Thursday, 23 June 2016

A stand alone story - a free read

This is one of two stand alone stories I've written, spin offs from the novel about Austin Stapley. Hope you enjoy it. If you do, please comment. Or even if you don't!

The art of manipulation

He looked across at Natalie Garman with the innocence of a child, though in Austin’s case innocence wasn’t something he’d had for a very long time. Even at five he knew how to lie well. However, the second part was right. Being a child was very much Austin’s forte.
               ‘You see how it looks on the books, Mr Stapley,’ Natalie was saying.
               ‘But of course,’ Austin added suitably demurely. ‘But then how was I to know my mother would be rushed into hospital.’
               ‘You could have phoned to let us know.’
               ‘In advance?’
               Natalie swallowed. ‘No, after it happened. Or at least as soon as possible. Not turning up for an interview…well, that…’
               ‘Yes, yes.’ Austin was getting fed up with this. He’d already been sent away once because he turned up too early for his damned Job Centre appointment. Too early, for goodness sake. They wouldn’t let him wait. In fact they were quite rude about it. There was no pleasing this bunch of half-wits. Now because he’d bailed on an interview with some logistics company (moving things from one place to another, let’s not get fancy about it), he was being threatened with withdrawal of his Jobseeker’s Allowance. Okay, his mother hadn’t really been rushed into hospital. He’d actually been having a lie with the magazine with the brown paper cover marked ‘maths’, at the page of Anthea. He’d had a heavy night at the King’s Head wallowing in self-pity and he needed comfort not another grilling about his previous track record with jobs by some toffee-nosed prospective employer.
               Austin’s mother had her uses. She cooked his meals from a limited menu (nothing foreign, though the dishes themselves often looked alien), and washed his clothes. She was easy to wind up, which could be tremendous fun as long as she didn’t have hold of an offensive weapon. And she came in useful as a reason for non-attendance at interviews. However, Austin was running out of legs she could break, arms she could fracture or fires in the kitchen. He needed to do something because it wasn’t only the Job Centre on his back. Stella Stapley was demanding money with menaces, namely housekeeping, or she would stop cooking.
               Austin hadn’t the guts to admit to his mother that he’d lost another job and was currently unemployed. There were only so many nights he could stay out (he’d been a night watchman). It was time to have a new job, to make something up. He’d have to back it up somehow, but Austin was used to winging it. Now what did he fancy doing? A fishmonger? No, his mother would expect cheap fish. A car salesman? No, he’d never managed to pass his driving test. She’d suss that one, though it might make her worry about the Austin A30 malingering in the garage. His father’s pride and joy which only saw the light of day at weekends, and then only on the driveway, despite it being bequeathed to him after his father died. He couldn’t go there right now. Besides, Natalie was trying to get his attention. She’d been in the process of calling over the security guard because Austin hadn’t moved in several minutes and she thought he was having a mini stroke. When his head shot up she cried out in shock, or was it relief?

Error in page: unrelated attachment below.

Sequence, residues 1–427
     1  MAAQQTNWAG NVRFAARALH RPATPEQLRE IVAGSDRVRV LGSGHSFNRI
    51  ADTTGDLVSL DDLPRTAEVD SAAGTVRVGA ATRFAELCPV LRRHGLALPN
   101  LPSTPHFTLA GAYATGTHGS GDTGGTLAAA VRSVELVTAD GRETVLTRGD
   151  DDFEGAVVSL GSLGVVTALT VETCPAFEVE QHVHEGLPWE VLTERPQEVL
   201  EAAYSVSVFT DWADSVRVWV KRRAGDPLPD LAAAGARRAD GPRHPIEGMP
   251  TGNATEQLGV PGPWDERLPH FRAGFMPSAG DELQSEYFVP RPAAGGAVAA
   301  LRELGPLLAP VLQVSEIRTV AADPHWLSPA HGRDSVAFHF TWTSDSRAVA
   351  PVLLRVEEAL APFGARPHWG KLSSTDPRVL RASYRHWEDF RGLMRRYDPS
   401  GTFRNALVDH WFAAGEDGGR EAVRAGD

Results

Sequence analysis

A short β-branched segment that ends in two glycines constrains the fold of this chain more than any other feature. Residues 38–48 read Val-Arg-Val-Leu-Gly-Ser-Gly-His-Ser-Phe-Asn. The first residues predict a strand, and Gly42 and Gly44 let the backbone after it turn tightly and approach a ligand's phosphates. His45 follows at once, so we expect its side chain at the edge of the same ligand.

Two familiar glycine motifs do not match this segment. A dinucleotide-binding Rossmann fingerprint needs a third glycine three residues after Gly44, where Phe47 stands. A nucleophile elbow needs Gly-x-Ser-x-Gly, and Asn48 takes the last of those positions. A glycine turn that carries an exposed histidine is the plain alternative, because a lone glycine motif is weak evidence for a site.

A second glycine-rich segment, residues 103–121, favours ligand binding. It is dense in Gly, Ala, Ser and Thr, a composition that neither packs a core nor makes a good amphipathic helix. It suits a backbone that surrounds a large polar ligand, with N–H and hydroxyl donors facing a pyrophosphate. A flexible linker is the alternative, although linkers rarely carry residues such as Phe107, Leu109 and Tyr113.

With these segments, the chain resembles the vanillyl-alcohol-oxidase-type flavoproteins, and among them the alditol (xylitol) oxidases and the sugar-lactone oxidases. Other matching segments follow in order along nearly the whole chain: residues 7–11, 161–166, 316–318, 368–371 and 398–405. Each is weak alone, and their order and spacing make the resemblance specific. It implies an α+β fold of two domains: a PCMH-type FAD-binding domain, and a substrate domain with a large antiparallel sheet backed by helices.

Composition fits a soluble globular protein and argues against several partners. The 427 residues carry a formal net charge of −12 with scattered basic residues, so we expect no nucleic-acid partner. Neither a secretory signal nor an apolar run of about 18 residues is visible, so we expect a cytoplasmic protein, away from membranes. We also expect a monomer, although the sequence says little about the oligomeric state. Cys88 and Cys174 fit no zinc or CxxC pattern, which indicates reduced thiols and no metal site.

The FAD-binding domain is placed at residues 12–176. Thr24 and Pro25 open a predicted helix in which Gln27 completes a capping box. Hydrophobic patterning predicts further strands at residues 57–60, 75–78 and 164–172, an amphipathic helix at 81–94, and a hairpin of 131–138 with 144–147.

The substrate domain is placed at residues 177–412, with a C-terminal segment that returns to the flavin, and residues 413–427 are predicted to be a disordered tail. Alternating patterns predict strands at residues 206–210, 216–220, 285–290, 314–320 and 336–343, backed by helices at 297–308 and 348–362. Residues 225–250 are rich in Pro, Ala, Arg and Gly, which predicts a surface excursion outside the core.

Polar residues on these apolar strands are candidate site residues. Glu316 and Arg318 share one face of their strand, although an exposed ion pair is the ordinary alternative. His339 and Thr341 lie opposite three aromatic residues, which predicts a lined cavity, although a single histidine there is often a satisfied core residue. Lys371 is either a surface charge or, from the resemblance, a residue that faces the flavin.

Austin assured her he was alright. ‘Worried about mother,’ he said.
               ‘Of course.’ The sympathy was back in her voice. Austin revelled in that for it wouldn’t be seen again in a long time, if at all.
‘I thought I was going to have to write an obituary to my poor dear mother,’ Austin went on.
‘Well, she’s making a recovery surely?’ asked Natalie in concern.

‘You can never tell with mother.’ One true sentence in a whole lot of lies. But it was at this point that Austin had a brain wave. He would be a reporter to the local rag. He’d always fancied himself as a writer, and this held a certain prestige that his mother would like to brag about, and unsociable hours he could play with. As Austin eased himself out of the chair and out of another tight situation he caught his smile in the window of the Job Centre. It wouldn’t solve his money problems, this non-job, but he’d work on that while he worked on his mother. He passed Greg, the obnoxious security guard, on his way out and he gave him the finger.

Monday, 13 June 2016

Book heaven!

Came across a neat idea today from Traverse poetry. It's a crowdfunding venture into poetry trading cards. Do go and have a look. It sounds like fun and got my attention.

I've finally got round to ordering How Not to Get Your Poetry Published from Happenstance Press. Maybe I can find out what I've been doing wrong all these years!

Right now I am in book heaven as not only did my youngest son give me a £30 Amazon gift card for my birthday last week but on Friday night I was presented with another for £45 (plus a five pound note) as a thank you for the six years I have lead our church branch of Mother's Union. I stepped down from this position in January and Friday night was our annual Summer Supper. The weather just about held for us to eat out of doors. It was a wonderful evening. Hubby won a raffle prize (Thornton's chocolates) and I was over the moon with my vouchers.

I loaded all my gift cards this morning and began buying! My wish list has been there for some time and I felt guilty about buying some of the books as I had already read them (library borrows) but I wanted them for keeps. So the first two were ones I'd read - 52 Ways to Read a Poem by Ruth Padel (partly read) and Forensics: The Anatomy  of Crime by Val McDermid. The third book was also on my list but I've not read it but always meant to - The Rights of Man by Thomas Paine. I seem to come across him rather a lot. He follows me around. There is a statue to him in Thetford, Norfolk (where he lived) where my grandmother was born and grew up (my mother seemed to have a grievance with him but as she always voted Labour I don't know why!)  and I learned more about him at the local Thetford Museum. I came across him again in Lewes in Sussex and then his name came up when I was studying Humanities with the OU. I feel Tom and I would have got on well! Still, I've yet to read the book and I may change my mind.

The final book I've purchased (for now) is the first novel by Mark Haysom called Love, Love Me Do. I love Mark's short stories (which you can view for free if you 'like' his Facebook page). They are heartwarming and nostalgic. So, I thought it was about time I bought one of his novels.

That's enough to keep me busy for a while.

Sunday, 12 June 2016

Rushing to hit that deadline

My characters came to call so on the morning of the day I left for my holiday I was tapping away on my laptop at some unearthly hour! Everything was coming fast and had to be written. Since returning five days ago not a word has been written. It will happen. I've stopped panicking about it.